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Shared professional knowledge: Implications for emerging leaders

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Shared professional knowledge : Implications for emerging leaders. / Tran, Lynn Uyen ; King, Heather.

In: Journal of Museum Education , Vol. 34, No. 2, 02.11.2009, p. 149-162.

Research output: Contribution to journalArticlepeer-review

Harvard

Tran, LU & King, H 2009, 'Shared professional knowledge: Implications for emerging leaders', Journal of Museum Education , vol. 34, no. 2, pp. 149-162. https://doi.org/10.1080/10598650.2009.11510630

APA

Tran, L. U., & King, H. (2009). Shared professional knowledge: Implications for emerging leaders. Journal of Museum Education , 34(2), 149-162. https://doi.org/10.1080/10598650.2009.11510630

Vancouver

Tran LU, King H. Shared professional knowledge: Implications for emerging leaders. Journal of Museum Education . 2009 Nov 2;34(2):149-162. https://doi.org/10.1080/10598650.2009.11510630

Author

Tran, Lynn Uyen ; King, Heather. / Shared professional knowledge : Implications for emerging leaders. In: Journal of Museum Education . 2009 ; Vol. 34, No. 2. pp. 149-162.

Bibtex Download

@article{deddf3705bfc4173bc5d00c21ad47c6c,
title = "Shared professional knowledge: Implications for emerging leaders",
abstract = "Educators make significant contributions to museums' educational agendas, yet recognition of their status in the museum field remains minimal. Furthermore, limited research has been directed at the nature of their practice and pedagogy. By establishing a common body of knowledge underpinned by theory and leading to a shared framework for practice, it is argued that emerging leaders in the field will be equipped to know how best how to design, manage and implement initiatives that support learning. Elsewhere, we have proposed just such a theoretically grounded knowledge base to inform educator practice. In this paper we share exemplars from a current study in which we explore the interconnections between our proposed knowledge base and the complexity of museum educators' work. Our findings demonstrate the need for emerging leaders in museum education to have a deep understanding of the knowledge that underlies their work. Without this knowledge, we assert that emerging leaders will be ill equipped to guide their staff towards a set of proven practices that support visitor learning. Moreover, they will be denied a shared vocabulary with which they may defend and further develop the educational role of their museums.",
author = "Tran, {Lynn Uyen} and Heather King",
year = "2009",
month = nov,
day = "2",
doi = "10.1080/10598650.2009.11510630",
language = "English",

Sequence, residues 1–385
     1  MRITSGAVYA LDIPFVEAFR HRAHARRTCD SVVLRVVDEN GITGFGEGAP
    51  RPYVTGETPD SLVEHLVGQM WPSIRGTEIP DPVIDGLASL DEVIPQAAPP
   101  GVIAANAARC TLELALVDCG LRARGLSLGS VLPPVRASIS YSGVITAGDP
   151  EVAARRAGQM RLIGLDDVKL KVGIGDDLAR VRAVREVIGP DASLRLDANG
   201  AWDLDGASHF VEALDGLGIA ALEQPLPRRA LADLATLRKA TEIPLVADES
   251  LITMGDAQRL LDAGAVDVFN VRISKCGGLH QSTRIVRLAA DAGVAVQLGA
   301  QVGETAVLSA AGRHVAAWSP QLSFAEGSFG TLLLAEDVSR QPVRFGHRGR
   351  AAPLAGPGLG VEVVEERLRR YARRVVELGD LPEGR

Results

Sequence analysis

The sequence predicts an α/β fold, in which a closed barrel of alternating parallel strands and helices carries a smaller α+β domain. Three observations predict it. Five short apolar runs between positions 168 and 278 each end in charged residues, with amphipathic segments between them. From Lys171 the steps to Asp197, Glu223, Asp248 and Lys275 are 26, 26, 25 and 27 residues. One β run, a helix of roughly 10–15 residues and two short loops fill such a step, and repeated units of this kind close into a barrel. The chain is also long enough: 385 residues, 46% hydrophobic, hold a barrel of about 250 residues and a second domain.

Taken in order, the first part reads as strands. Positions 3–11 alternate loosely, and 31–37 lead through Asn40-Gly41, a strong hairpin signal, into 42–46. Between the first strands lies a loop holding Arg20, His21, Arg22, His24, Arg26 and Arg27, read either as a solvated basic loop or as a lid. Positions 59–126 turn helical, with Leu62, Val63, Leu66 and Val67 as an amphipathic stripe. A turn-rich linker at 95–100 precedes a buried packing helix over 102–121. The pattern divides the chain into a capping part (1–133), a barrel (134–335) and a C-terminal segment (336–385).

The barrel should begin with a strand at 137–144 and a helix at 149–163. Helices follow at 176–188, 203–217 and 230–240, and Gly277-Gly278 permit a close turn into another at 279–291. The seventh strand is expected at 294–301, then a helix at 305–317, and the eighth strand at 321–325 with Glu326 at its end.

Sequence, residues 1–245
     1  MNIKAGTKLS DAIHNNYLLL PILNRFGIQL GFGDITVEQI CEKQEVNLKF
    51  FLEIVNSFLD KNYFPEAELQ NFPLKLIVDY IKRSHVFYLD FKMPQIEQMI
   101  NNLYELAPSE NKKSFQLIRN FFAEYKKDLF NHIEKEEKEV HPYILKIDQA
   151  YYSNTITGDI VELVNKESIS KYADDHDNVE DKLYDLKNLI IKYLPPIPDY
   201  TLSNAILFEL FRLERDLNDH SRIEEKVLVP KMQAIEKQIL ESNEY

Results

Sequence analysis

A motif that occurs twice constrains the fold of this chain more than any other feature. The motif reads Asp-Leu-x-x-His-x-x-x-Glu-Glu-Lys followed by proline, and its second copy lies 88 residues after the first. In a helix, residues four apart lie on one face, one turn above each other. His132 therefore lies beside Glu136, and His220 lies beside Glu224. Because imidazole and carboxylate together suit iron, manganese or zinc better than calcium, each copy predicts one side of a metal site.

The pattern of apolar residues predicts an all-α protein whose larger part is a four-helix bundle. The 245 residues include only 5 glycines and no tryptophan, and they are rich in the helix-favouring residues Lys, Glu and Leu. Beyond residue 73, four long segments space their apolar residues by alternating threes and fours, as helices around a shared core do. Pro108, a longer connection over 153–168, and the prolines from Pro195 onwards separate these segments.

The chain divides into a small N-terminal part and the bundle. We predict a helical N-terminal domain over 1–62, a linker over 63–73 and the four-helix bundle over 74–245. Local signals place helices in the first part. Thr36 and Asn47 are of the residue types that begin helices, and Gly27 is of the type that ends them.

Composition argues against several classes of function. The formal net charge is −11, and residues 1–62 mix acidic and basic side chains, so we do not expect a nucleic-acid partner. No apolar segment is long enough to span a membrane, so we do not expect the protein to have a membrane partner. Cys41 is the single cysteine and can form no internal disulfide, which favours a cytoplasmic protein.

volume = "34",
pages = "149--162",
journal = "Journal of Museum Education ",
issn = "1059-8650",
publisher = "Maney Publishing",
number = "2",

}

RIS (suitable for import to EndNote) Download

TY - JOUR

T1 - Shared professional knowledge

T2 - Implications for emerging leaders

AU - Tran, Lynn Uyen

AU - King, Heather

PY - 2009/11/2

Y1 - 2009/11/2

N2 - Educators make significant contributions to museums' educational agendas, yet recognition of their status in the museum field remains minimal. Furthermore, limited research has been directed at the nature of their practice and pedagogy. By establishing a common body of knowledge underpinned by theory and leading to a shared framework for practice, it is argued that emerging leaders in the field will be equipped to know how best how to design, manage and implement initiatives that support learning. Elsewhere, we have proposed just such a theoretically grounded knowledge base to inform educator practice. In this paper we share exemplars from a current study in which we explore the interconnections between our proposed knowledge base and the complexity of museum educators' work. Our findings demonstrate the need for emerging leaders in museum education to have a deep understanding of the knowledge that underlies their work. Without this knowledge, we assert that emerging leaders will be ill equipped to guide their staff towards a set of proven practices that support visitor learning. Moreover, they will be denied a shared vocabulary with which they may defend and further develop the educational role of their museums.

AB - Educators make significant contributions to museums' educational agendas, yet recognition of their status in the museum field remains minimal. Furthermore, limited research has been directed at the nature of their practice and pedagogy. By establishing a common body of knowledge underpinned by theory and leading to a shared framework for practice, it is argued that emerging leaders in the field will be equipped to know how best how to design, manage and implement initiatives that support learning. Elsewhere, we have proposed just such a theoretically grounded knowledge base to inform educator practice. In this paper we share exemplars from a current study in which we explore the interconnections between our proposed knowledge base and the complexity of museum educators' work. Our findings demonstrate the need for emerging leaders in museum education to have a deep understanding of the knowledge that underlies their work. Without this knowledge, we assert that emerging leaders will be ill equipped to guide their staff towards a set of proven practices that support visitor learning. Moreover, they will be denied a shared vocabulary with which they may defend and further develop the educational role of their museums.

U2 - 10.1080/10598650.2009.11510630

DO - 10.1080/10598650.2009.11510630

M3 - Article

VL - 34

SP - 149

EP - 162

JO - Journal of Museum Education

JF - Journal of Museum Education

SN - 1059-8650

IS - 2

ER -

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